Sachin A Billion Dreams : An affecting docu despite its lack of quality
Last year, we had the very entertaining hagiography of Mahendra Singh Dhoni in the form of his biopic from Neeraj Pandey, MS Dhoni: The Untold Story. There may be many untold stories about Dhoni but hardly anything made it to the film. But are there any untold stories about Sachin? Almost three decades later, can one even write about Sachin Tendulkar avoiding the minefields of cliche and pitfalls of repetition? Many generations grew up with him. Some became men from boys. Some transitioned from midlife crisis to post retirement stupor. Other sports switched from one generation to another and the fans had new favourites to supplant the older ones. Why other sports, other cricket teams and nations did. Look at me trying in vain to avoid the very minefields. The very pitfalls. I am a mess.
But you are a mess even before the film begins to say anything new. A lot of Sachin Tendulkar's home video dominates James Erskine's Sachin: A Billion Dreams. It begins with Sachin Tendulkar, everyone's wonder boy cricketer, becoming a father for the first time and fondly remembering his own father's life lessons. Sachin has always had an invisible shield around him (and the very visible bodyguards and contingent of family and agents) that has helped him create the aura of invincibility, a preciously nurtured public image. So, it's nice change up to see Sachin who is unguarded, who is relaxed in the comfort of his home, saying and doing everyday things like playing with his kids, being dorky with his daughter or doing funny voices. It's like watching America's Funniest Home Videos but only you are watching India's Golden Boy Is Just Like You, and the room is full of smiles and wet eyes.
Sachin is so entrenched in the nation's collective consciousness that where I would have referred to an actress, actor or director by their last name, here, the first name says it all. He is always Sachin. Always cheered twice. The first time with a long drawl on the second syllable followed by a quick repeat thump, like Sachin's straight drive. In my review of MS Dhoni: The Untold Story, I wrote - No one since Sachin had enraptured the zeitgeist quite the way Dhoni did. Which may be why a film on Dhoni – while feeling queasy because it has crept up on you quickly and suddenly like Dhoni’s batting – also makes sense. Sachin may have been the enabler. Dhoni is the dream weaver. The enabler is probably better suited in a long drawn out documentary. Dhoni’s story, the small town boy making it to the annals of the game is the stuff made for glitzy garlands, first-day-first-shows, dancing and chest-thumping in the aisles. Today, we have that long drawn out documentary that doesn't even try because it doesn't have to. It rides the Sachin wave, the way everyone did for more than two decades. Erskine puts together a family of actors representing Sachin's that might remind you of families and neighbourhoods from 90s TV commercials. The loving parents, the siblings straight out of Barjatya films, the woman yelling about broken windows, rubber balls and SD Burman songs on the radio. And then, Sachin's sister gifting him his first cricket bat. It's a highlight reel that holds a remote control for your goosebumps. Achrekar and Shivaji Park. Debut in Pakistan. Bleeding nose and Miandad. Perth. The romance between the cricketer and the doctor. The transition from the now drab-sounding Doordarshan to Star TV. Mark Mascarenhas, a young Tom Alter and Prannoy Roy, even younger Rajdeep Sardesai. It's nostalgia of the good kind, from everyone's childhood and adolescence, a time capsule when Sachin represented the good things in life, people had clean heroes, perceptions were black or white, and a pre-Internet, pre-social media era, when we did not have to reconcile our feelings about a legend every time an uncomfortable fact about their life was unearthed or when there was a small misstep on their part.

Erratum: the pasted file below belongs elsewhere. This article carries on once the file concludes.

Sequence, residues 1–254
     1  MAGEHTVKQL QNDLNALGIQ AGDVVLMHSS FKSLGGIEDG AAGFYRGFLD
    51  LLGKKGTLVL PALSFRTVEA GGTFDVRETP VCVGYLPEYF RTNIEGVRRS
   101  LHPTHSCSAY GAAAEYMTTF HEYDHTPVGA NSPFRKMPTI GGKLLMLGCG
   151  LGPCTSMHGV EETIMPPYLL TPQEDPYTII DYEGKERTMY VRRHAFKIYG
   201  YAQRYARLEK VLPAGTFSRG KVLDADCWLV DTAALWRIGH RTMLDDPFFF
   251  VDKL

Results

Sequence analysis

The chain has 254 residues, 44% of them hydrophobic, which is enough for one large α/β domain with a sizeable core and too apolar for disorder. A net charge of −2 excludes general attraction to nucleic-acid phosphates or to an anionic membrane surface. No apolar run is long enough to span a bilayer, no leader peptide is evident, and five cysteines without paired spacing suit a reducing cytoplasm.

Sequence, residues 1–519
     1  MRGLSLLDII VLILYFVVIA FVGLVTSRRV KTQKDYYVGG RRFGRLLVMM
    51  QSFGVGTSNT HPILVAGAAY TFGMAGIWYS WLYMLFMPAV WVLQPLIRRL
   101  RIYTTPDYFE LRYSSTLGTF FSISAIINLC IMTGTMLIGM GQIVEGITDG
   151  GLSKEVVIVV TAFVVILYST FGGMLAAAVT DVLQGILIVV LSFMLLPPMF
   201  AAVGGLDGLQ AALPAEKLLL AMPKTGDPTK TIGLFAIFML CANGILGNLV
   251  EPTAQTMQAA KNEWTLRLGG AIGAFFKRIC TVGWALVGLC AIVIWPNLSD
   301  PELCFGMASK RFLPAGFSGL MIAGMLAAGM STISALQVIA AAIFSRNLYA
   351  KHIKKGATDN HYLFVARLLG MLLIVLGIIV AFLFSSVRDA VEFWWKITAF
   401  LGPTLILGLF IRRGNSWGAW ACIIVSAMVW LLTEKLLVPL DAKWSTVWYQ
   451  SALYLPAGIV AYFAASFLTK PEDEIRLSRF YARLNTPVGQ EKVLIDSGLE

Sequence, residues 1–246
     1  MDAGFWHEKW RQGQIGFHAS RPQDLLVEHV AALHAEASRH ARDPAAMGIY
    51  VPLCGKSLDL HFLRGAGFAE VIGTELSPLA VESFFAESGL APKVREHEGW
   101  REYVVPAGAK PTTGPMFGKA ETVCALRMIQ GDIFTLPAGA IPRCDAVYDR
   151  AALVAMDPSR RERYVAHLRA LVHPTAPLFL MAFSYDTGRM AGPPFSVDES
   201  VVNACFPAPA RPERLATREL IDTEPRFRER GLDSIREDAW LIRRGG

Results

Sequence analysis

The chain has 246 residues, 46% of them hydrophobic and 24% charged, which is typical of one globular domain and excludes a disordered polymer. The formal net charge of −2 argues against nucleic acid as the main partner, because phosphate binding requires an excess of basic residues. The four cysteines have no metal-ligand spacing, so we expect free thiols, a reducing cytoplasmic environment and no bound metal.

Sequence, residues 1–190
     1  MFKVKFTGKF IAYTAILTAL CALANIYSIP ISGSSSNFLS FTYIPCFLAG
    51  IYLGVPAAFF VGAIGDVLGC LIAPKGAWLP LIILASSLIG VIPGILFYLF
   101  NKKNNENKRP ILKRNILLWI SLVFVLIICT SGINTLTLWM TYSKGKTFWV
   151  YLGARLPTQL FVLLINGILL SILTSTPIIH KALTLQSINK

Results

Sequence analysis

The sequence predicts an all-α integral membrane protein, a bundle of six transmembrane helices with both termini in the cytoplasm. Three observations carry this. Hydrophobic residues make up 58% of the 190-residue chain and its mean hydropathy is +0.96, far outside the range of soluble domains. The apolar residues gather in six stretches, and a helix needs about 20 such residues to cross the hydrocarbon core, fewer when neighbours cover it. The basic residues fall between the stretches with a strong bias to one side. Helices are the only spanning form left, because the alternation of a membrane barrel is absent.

But what happens when the goosebumps wear off? When you see and hear Sachin narrating his feelings about the low points in his life. (Captaincy. Injuries. Greg Chappell. You thought match fixing? Get out of here!) When there is some acting and showboating involved. That's when you really wish this was a biopic with qualified actors playing parts. Or that it could have done with a better documentary filmmaker. AR Rahman makes the songs work (there is something to be said about an icon from that era with a carefully nurtured public image scoring the music for another) during the high points but some instrumental score choices are downright embarrassing. Sachin: A Billion Dreams is far from an adequate documentary. You sell out big screens and play Sachin's greatest hits from YouTube and that might have 80% of the same effect. The remaining 20% goes to the home video. Found footage has never been this welcome and adorable. Sachin: A Billion Dreams is that unabashed in worshipping its subject. The only question is, aren't we all?